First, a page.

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    One huge testament to the quality of re-frame design is that APIs and semantics have remained largely unchanged over the years. There have been a few new features added, but practically no breaking changes over the years. My team has some apps that have been in production close to half a decade now, and we just update the version to get speed improvements, features, and fixes.

    Meanwhile, React ecosystem has had a ton of churn in that time. There have been lots of patterns introduced like redux, flux, hooks, and so on. If you started building an app using best practices a few years ago it’s likely to be considered legacy today. Modern React best practices also closely resemble re-frame further confirming in my mind that it got things fundamentally right from the start.

    Re-frame completely insulates ClojureScript developers from the constant flux in the underlying React ecosystem. React can really be seen as just an implementation detail.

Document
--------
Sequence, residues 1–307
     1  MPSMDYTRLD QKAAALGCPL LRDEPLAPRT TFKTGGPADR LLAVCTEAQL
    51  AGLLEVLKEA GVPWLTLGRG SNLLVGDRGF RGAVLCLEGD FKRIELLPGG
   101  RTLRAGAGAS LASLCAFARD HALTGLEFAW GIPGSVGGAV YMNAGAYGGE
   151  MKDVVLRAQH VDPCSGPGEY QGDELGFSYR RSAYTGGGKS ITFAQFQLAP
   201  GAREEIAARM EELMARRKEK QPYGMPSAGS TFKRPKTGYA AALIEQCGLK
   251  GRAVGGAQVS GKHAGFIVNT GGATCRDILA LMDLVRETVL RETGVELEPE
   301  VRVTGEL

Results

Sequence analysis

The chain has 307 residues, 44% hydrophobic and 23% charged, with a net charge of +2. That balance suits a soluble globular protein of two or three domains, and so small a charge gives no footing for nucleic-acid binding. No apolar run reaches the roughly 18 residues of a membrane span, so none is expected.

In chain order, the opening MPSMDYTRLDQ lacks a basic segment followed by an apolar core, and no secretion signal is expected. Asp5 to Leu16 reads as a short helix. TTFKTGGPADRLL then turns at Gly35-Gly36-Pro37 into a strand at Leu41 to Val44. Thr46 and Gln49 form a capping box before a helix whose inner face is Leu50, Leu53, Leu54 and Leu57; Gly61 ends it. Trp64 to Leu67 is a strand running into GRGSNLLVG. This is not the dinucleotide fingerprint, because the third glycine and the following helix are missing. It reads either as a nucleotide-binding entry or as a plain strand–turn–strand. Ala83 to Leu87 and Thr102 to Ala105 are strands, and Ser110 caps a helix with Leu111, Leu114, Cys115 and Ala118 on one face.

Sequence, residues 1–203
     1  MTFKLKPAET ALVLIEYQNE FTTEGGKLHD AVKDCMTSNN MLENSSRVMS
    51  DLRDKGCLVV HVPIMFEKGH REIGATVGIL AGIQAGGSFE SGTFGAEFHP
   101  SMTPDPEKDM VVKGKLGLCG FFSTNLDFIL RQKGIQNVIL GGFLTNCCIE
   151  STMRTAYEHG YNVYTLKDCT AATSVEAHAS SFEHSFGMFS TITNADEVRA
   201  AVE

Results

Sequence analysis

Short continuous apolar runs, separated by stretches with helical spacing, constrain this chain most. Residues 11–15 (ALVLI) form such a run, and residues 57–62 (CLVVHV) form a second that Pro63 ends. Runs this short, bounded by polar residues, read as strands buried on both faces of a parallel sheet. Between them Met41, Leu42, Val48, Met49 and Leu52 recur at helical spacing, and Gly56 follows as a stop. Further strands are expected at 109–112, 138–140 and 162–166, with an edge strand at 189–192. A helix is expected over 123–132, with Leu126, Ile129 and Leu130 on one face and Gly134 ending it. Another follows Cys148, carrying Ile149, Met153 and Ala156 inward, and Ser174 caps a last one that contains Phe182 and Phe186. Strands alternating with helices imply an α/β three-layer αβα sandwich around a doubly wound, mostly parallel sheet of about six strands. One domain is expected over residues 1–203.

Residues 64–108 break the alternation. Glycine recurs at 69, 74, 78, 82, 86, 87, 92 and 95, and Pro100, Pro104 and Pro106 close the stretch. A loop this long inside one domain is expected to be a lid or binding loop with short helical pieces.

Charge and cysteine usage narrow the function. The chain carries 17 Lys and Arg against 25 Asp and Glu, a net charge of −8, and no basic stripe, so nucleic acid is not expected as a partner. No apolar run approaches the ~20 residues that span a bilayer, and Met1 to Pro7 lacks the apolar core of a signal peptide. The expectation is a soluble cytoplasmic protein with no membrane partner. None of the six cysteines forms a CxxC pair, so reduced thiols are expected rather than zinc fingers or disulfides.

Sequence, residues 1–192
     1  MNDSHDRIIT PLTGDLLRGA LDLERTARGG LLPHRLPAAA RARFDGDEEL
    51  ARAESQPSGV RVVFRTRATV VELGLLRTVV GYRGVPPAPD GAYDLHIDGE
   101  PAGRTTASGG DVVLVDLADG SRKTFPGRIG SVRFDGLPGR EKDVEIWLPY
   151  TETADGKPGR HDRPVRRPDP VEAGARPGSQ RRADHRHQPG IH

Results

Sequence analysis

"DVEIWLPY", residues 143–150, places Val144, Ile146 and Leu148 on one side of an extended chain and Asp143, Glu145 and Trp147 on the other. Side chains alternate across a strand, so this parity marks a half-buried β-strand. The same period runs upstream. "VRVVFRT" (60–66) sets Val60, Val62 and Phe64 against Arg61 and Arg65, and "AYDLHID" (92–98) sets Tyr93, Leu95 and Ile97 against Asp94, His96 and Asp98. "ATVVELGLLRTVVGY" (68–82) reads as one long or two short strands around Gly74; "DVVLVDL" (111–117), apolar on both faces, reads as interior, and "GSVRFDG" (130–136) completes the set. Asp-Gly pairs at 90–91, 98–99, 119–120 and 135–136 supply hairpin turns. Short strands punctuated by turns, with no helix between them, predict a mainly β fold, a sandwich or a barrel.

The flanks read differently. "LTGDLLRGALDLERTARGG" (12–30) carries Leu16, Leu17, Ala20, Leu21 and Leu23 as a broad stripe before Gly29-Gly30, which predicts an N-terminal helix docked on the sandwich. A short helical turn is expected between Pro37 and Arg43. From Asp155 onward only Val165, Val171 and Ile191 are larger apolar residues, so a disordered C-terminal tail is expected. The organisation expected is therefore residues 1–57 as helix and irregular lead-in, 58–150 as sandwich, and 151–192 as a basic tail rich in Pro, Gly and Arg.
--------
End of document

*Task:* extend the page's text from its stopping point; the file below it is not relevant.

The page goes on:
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      re-frame is by far my favourite way to do web-apps these days, and it’s been this way for the last 3 years. It’s brought joy, joy, joy into my heart.

      Do yourself a favour and take a stab at it. Especially if, like me 3 years ago, you’re not a fan of front-end development and consider it a pile of dirty hacks.

      Also, the documentation! I wish more projects had it written this well.

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        I recently used Clojure(Script) for the first time ever along with re-frame and reagent for a simple frontend for a side-project. I liked it all overall! I have a lot of Elm experience so it wasn’t entirely foreign to me.

        One thing that I haven’t found is docs on what are all the available functions—e.g. I was wondering how to handle on mouse enter and on mouse leave events. I guess I missed it, but it looks like you can basically just the event names in kebab-case.